The design of the interventions has been realistic, and the information provided by clinicians with long experience and by the patient feedback has been fundamental. The experimental intervention at home (PRE_EXP2) has been designed to cover the basic aspects of the one performed in the hospital (PRE_EXP1). Certainly the possibilities of supervised work and hospital instrumentation are not available at home, but this has been taken into account and the adaptation of the intervention was made considering a pragmatic design.

Inclusion criteria are broad, not restricted to a large number of patients with comorbidities, which will increase the applicability of the proposal. The exclusion criteria have been proposed not to promote the results, but only for reasons of safety in the implementation of interventions. Therefore there is no exclusion due to social disadvantages, depression, anxiety or poor motivation, which are often frequent.

The trial began the recruitment of participants in March 2017. We expect to finalize the recruitment by June 2018. Early-postoperative outcome data are expected to be available from October 2018. Follow-up evaluations will be performed during 2019. The trial is expected to be completed by the end of 2019.

This work will serve as a basis for reducing implementation bias. In case of substantial changes in the protocol, they will be duly reported with the reasons.

It is necessary to recognize limitations such as the fact that the follow-up is prolonged beyond usual in clinical practice, and that some of the measures are not always used by clinicians, although they are indeed used in research. We plan to share, critically appraise and disseminate the results by offering critical discussion of the findings, description of potential clinical impact, clinical application, and contextualization within contemporary literature.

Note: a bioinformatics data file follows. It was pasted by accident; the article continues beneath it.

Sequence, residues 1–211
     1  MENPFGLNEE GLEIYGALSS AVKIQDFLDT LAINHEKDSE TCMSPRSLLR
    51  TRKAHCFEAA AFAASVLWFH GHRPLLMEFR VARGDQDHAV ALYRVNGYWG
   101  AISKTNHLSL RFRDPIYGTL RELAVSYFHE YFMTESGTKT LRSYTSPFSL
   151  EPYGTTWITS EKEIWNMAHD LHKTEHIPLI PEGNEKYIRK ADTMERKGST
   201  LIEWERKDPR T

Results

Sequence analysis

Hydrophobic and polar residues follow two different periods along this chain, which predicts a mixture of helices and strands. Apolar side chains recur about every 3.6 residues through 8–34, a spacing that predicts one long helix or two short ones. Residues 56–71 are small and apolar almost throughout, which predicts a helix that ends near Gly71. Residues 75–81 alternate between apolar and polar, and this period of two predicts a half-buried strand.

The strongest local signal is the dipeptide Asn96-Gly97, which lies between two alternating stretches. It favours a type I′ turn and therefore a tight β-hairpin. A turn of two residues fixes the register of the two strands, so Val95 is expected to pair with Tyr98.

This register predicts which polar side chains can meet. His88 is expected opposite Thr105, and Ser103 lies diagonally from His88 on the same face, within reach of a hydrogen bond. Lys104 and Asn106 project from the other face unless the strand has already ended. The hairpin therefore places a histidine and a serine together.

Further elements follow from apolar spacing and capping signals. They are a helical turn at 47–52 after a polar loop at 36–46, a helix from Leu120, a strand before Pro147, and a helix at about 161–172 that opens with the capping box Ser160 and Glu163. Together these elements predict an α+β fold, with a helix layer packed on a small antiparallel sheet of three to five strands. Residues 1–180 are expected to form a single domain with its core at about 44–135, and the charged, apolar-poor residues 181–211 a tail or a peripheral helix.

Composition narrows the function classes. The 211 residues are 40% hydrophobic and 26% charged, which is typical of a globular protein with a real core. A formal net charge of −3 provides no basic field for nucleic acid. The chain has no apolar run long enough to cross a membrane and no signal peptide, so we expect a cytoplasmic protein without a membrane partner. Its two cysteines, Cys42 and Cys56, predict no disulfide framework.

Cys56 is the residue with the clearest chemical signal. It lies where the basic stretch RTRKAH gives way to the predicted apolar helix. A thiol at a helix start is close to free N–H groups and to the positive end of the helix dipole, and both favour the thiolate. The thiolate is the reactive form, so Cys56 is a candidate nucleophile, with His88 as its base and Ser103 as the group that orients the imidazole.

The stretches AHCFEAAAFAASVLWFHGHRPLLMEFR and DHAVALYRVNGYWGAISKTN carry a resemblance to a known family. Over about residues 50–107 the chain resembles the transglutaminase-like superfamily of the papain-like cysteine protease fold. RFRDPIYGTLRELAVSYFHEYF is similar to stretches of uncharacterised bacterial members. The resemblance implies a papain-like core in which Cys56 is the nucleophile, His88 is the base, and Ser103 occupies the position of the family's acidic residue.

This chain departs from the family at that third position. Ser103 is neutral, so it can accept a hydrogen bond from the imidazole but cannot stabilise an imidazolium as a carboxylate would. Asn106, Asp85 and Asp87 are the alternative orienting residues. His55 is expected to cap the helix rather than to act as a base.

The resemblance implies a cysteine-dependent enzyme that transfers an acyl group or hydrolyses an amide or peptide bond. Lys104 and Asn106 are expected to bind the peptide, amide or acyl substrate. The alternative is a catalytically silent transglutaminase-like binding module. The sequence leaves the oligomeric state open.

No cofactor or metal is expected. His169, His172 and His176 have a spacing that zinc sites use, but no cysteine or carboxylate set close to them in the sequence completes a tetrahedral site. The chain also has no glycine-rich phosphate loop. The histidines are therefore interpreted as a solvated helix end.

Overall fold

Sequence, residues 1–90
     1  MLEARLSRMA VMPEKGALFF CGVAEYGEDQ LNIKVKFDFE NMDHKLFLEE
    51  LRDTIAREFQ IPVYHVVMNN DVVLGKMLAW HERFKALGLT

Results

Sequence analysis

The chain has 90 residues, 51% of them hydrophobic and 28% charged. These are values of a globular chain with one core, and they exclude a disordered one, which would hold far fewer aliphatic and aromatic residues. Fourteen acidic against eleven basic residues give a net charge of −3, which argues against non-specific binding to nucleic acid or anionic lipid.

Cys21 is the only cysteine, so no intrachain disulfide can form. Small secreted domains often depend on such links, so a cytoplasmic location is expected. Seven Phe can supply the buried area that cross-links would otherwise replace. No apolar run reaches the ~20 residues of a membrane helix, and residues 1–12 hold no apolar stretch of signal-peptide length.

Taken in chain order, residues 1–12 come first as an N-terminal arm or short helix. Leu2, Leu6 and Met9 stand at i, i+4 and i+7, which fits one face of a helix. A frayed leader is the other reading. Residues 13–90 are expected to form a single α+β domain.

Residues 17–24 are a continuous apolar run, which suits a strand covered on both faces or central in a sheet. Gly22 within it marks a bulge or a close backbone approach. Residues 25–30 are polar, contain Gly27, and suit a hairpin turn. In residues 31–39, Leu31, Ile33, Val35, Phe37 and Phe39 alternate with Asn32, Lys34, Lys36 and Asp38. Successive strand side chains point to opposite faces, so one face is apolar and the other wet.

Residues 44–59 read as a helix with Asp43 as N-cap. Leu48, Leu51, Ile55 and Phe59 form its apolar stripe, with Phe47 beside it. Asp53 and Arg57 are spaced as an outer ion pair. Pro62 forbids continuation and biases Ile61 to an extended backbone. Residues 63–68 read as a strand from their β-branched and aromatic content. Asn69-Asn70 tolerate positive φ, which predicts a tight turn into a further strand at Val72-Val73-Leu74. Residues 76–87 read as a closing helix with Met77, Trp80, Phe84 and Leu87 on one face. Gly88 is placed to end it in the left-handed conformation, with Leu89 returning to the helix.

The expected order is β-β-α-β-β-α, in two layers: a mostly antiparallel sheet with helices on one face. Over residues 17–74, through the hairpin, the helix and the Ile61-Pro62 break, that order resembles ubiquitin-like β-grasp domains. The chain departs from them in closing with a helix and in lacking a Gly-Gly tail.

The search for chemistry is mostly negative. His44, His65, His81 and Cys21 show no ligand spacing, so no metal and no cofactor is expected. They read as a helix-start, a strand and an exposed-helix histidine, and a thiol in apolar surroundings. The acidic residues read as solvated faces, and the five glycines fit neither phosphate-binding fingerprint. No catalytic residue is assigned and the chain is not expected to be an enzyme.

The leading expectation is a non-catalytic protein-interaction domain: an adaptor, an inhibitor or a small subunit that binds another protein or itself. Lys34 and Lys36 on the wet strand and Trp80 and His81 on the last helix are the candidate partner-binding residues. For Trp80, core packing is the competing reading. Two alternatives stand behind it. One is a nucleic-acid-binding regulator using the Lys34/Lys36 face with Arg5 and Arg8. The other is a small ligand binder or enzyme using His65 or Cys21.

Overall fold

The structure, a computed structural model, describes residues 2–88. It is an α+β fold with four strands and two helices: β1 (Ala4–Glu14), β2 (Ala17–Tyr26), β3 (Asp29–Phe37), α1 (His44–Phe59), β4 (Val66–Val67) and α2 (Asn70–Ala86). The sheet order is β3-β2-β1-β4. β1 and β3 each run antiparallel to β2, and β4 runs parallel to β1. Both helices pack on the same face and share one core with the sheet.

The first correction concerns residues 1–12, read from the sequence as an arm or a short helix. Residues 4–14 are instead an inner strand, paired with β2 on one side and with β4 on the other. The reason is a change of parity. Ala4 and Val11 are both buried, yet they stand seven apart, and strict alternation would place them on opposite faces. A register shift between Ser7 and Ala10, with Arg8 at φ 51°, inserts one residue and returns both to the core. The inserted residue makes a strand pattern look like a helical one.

Knee Injury Osteoarthritis Outcome Score


In-hospital preoperative intervention


In-home preoperative intervention


Non-active preoperative intervention


Quality Adjusted Life Years


Range of Movement


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No funding to declare.

Availability of data and materials

Data sharing is not applicable to this protocol as no datasets were generated or analyzed.

Author information

Authors and Affiliations



Conception: JMB, SR, CI. Design of the interventions: SR, CI. Method, statistical and economic analysis advice: JMB. Drafting the article: JMB. Revising it critically for important intellectual content: CI, SR. All authors gave final approval of the version to be published.

Corresponding author

Correspondence to José-María Blasco.

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Blasco, JM., Igual-Camacho, C. & Roig-Casasús, S. In-home versus hospital preoperative balance and proprioceptive training in patients undergoing TKR; rationale, design, and method of a randomized controlled trial. BMC Musculoskelet Disord 18, 518 (2017).